Moving onto White Lines – how would you describe it to us and what have you learned from working on the project?
Million Dollar Question, how can I best and succinctly describe White Lines, having done a few interviews you’d think I’d have worked that out by now, yet I still haven’t cracked it. Erm…. White Lines I feel is almost the visual representation of being on a trip or having a big night out in Ibiza. It follows the journey of Zoe (Laura Haddock) who is trying to figure out who killed her brother Axel, after his body shows up 20 years after his disappearance from the White Isle. It’s told across two timelines present-day and 20 years ago in the 90’s when Axel was alive. That is just the bare bones of the show and really is the tip of the iceberg. It’s got everything for me and takes you on a whirlwind of a journey. It comes from the genius that is Alex Pina, has a stellar cast and story to match. I had never read a script quite like it and knew it was one I had to do and be a part of. It really is one hell of a ride.
So much. One of the shows key themes is the loss of youth, freedom, and your dreams. I think we can all resonate with that and learn from it. Never lose that inner child, especially when you’re young, be free, have fun, don’t take life so seriously, the world is there for the taking. Personally, I love Spain, the language, the culture, the people, the way they play football and I fell in love with it even more so. I learned that Alex Pina is a genius. I learned you eat so late in the evenings in Spain and I’m so here for it. Everyone should get on board with the siestas. I also learned what a ‘bocadillo’ was. I Improved my Spanish slightly but not enough. That the Spanish extras on set were amazing, kudos to them they were a big reason why a lot of the big party and rave scenes worked so well. They were just so free, fun and full of energy. I also learned to be prepared for the free pour.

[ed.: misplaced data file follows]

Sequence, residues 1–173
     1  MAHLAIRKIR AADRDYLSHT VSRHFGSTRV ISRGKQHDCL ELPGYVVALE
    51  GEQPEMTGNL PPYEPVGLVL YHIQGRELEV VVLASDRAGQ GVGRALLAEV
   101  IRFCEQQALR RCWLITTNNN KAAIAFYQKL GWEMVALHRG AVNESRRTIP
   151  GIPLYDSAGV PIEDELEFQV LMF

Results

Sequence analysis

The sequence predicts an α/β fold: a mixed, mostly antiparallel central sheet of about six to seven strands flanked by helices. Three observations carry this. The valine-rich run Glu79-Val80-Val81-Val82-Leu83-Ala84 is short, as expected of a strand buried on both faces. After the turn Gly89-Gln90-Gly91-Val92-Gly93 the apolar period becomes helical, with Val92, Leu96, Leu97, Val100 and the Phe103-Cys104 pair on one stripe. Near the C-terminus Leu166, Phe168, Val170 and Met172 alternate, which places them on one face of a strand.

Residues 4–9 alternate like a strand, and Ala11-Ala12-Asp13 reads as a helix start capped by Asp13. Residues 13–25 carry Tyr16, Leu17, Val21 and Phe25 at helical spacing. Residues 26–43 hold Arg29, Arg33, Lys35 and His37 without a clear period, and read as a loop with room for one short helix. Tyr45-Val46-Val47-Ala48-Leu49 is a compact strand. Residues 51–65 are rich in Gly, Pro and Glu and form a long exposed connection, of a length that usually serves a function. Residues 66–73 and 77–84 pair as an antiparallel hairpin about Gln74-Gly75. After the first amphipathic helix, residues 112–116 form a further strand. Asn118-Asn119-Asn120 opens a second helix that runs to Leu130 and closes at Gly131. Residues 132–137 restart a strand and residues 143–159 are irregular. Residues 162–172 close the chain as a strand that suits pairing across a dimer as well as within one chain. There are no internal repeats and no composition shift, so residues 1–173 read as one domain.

If you weren’t into acting, what else would you be up to now?
I don’t really know, to be honest, it’s not really a thought I give much time to. On the street, kicking around, being a nuisance, watching football not really knowing what to do with me. Traveling for sure. Maybe I would have ventured into some form of Charity work or animal conservation. Or there is a strong possibility I would be that weird, slightly smelly, long-haired, bearded guy you see on the street, with eyes full of broken dreams.

What does acting mean to you?
Everything. Tough question, I don’t know if I would have the words to try and explain the thing I love so much and have done since a child.

Why is it important?
There are of course my own personal reasons which I’m sure no one is that bothered about, but I feel the question here is more, why any form of ‘art’ is important. That is the question and for me, it’s simple, what is life without art? I adore the cinema, it’s one of my favorite things to do, imagine a world without film or cinemas? Or not being able to go see a play? What a sad world that would be…

We would love to hear about your radio-broadcasting path too.